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The new Interagency Fire Program Management (IFPM) standards to “professionalize” wildland fire do nothing to address the issues that appear time and again in fire investigations. It is truly amazing that the new standard does not address issues that have been repeatedly identified since Mann Gulch. No credit is given for college level classes in Leadership, Management or classes that are related to or utilized for understanding fire behavior.

Its is time for the agencies to recognize wildland firefighting as a profession and at least require its own series as a technical specialty and require training and curricula that will actually address the problems of the past and guide us in the future.

As a wildland firefighter I am told every year that there is no tree, shrub, habitat or natural resource issue worth jeopardizing the safety of even one firefighter, that the number one priority of the agency is the safety of its firefighters. However, the federal agencies place a higher priority on training firefighters to be Biologists than firefighters. The agencies believe that natural resources are a higher priority than the safety of their employees. By focusing on training professional biologists, the agencies fail to rectify the issues that are continually cited from past wildfire tragedy; lack of leadership, lack of management oversight, lack of knowledge of fire behavior. Not once has the loss of life on fires been attributed to a lack of knowledge of Biology or biological processes. But that is the path the agencies have chosen for professionalizing the wildland fire workforce.

Institutional barriers, particularly OPM classifications, prevent the agencies from truly addressing the training and skills necessary for professional wildland fire training; by insisting that we are natural resource managers instead of managers of people we continue to compromise the safety of our employees, and are doomed to repeat the failures of the past.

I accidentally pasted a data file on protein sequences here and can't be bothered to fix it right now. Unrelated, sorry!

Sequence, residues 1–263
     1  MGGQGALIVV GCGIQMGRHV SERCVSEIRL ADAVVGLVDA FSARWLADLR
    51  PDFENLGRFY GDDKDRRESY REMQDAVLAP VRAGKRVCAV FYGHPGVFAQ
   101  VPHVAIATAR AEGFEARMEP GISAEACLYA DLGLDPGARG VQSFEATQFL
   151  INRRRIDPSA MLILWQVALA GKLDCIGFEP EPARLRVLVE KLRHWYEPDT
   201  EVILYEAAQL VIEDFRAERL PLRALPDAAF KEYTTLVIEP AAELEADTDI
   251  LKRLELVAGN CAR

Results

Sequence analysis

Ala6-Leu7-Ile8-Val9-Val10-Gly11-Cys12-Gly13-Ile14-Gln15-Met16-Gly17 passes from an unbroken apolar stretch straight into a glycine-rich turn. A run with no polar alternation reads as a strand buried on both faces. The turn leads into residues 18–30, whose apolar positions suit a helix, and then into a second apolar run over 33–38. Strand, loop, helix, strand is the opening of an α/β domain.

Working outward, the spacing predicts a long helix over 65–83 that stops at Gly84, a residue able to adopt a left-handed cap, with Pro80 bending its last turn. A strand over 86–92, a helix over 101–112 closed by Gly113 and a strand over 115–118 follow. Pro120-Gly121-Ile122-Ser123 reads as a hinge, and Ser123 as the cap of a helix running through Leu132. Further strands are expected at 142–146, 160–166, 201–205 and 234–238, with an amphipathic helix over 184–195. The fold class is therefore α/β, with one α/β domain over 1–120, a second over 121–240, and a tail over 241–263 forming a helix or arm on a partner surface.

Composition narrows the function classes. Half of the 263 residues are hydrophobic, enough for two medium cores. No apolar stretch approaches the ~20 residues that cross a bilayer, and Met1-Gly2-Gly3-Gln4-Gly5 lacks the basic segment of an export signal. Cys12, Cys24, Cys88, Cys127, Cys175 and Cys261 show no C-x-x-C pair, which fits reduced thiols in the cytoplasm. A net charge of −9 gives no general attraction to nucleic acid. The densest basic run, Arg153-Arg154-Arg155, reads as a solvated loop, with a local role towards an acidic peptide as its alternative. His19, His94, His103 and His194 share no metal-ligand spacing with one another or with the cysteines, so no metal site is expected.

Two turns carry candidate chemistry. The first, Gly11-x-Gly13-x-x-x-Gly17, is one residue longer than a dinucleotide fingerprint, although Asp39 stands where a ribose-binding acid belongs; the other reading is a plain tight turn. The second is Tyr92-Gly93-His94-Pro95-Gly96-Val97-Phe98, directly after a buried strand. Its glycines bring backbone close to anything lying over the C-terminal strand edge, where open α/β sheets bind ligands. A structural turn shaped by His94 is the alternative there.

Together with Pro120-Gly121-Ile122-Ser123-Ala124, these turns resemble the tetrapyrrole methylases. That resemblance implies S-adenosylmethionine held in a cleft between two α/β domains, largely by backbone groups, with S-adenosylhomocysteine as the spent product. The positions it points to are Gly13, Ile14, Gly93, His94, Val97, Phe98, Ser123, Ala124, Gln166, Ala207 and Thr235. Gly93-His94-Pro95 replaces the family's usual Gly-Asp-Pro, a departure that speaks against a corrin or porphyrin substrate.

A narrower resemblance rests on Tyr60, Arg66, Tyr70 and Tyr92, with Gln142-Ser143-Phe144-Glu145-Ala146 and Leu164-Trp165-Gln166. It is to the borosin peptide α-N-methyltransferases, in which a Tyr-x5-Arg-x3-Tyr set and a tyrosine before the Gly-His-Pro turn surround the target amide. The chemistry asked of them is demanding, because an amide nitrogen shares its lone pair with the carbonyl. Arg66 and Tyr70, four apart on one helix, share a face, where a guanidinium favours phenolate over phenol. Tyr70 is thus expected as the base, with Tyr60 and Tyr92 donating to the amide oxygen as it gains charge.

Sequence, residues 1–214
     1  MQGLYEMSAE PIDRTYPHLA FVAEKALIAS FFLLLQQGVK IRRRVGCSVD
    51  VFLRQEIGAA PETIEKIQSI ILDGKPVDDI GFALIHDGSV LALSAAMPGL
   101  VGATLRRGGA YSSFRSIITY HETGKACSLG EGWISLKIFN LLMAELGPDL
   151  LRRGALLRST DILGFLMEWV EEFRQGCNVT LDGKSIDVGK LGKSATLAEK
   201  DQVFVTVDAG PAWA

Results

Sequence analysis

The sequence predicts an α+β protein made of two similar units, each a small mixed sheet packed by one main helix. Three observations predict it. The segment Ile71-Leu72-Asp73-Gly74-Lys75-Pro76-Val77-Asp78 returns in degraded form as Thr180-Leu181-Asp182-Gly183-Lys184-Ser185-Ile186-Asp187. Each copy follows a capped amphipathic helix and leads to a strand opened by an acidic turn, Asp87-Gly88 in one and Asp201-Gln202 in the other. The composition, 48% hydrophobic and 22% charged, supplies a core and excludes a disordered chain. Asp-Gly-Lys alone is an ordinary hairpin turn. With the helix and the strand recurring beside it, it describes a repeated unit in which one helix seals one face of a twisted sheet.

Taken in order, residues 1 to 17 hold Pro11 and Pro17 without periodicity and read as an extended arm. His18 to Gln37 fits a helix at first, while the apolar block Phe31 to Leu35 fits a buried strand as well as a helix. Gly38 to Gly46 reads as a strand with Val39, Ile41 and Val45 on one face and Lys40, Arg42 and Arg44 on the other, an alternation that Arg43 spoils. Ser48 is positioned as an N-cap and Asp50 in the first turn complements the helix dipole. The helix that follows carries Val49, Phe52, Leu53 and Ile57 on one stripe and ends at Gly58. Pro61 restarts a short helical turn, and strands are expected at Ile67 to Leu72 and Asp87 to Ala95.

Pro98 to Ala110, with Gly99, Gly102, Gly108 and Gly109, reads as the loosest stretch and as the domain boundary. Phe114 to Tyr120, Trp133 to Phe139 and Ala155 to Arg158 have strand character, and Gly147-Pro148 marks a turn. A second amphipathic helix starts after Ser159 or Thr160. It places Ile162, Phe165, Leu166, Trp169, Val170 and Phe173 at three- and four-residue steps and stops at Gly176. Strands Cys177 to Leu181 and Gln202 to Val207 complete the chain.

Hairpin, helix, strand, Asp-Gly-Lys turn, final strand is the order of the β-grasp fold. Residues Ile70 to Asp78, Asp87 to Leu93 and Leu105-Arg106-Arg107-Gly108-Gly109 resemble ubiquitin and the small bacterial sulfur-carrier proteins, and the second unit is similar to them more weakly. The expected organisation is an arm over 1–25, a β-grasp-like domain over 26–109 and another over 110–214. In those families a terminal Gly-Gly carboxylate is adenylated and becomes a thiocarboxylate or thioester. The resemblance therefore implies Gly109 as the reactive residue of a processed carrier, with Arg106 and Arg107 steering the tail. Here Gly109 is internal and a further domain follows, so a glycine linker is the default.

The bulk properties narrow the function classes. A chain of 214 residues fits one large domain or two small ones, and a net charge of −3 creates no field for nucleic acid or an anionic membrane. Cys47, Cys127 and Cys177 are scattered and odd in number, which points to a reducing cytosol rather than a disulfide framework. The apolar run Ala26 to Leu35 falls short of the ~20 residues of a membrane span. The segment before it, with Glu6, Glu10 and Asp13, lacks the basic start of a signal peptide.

When are we going to acknowledge that we need to make people management a priority over resource management? Leadership skills have been identified in every major accident report as needing improvement and development. Yet the new standard leaves this skill to competencies to be learned and developed on the job. This is the same approach that we have used for 50 plus years without positive results.

No credit is given to skills necessary to truly advance our knowledge of fire behavior: GIS, meteorology, Physics and Math are all not included in the new biology based standard.

The 1995 Federal Wildland Fire Policy and Program Review, directed federal wildland fire agencies to establish fire management qualifications standards to improve firefighter safety and increase the level of skill and competence in fire management programs. The policy did not say to make wildland firefighters better biologists.

The wildland firefighting community supports increased professionalism. Phase III of the Tridata Corporation report Implementing Cultural Changes for Safety Tridata report found “Almost two-thirds (62 percent) of those surveyed said there would be some or much positive impact to safety by considering firefighters as professional firefighters rather than as forestry aides and technicians or other general non-descriptive job categories.” The IFPM standard continues to classify firefighters in a non-descriptive biology series

The IFPM implementation guide and supporting documentation cite the need for professionalism as identified in phase III of the Tridata Corporation report Implementing Cultural Changes for Safety. A closer look at the Tridata report indicates that the agencies missed the point of goal 59, and its recommendations.
“Goal 59. Recognize and promote the image of the professionalism of wildland firefighting.”

“The agencies must collaboratively define the professional work ethic they want and systematically infuse their organizations with that work ethic through training, leadership, supervision, and effective organization.”

Implementation strategy 2 of goal 59 states that firefighters would view a new wildland fire series

as an important and significant step which, perhaps more than any other, would symbolize that administration is serious about improving professionalism and firefighter safety.” Bold added for emphasis

Shouldn’t we be encouraging people to take classes that actually address the deficiencies we continue to identify in accident reports? The accident reports don’t say we need to be better biologists. They say we need to become better leaders and managers. We already employ biologists and fire ecologists within our resource staffs, let’s use them as the resource specialists and let fire supervisors develop the leadership and management skills necessary to prevent future tragedies.

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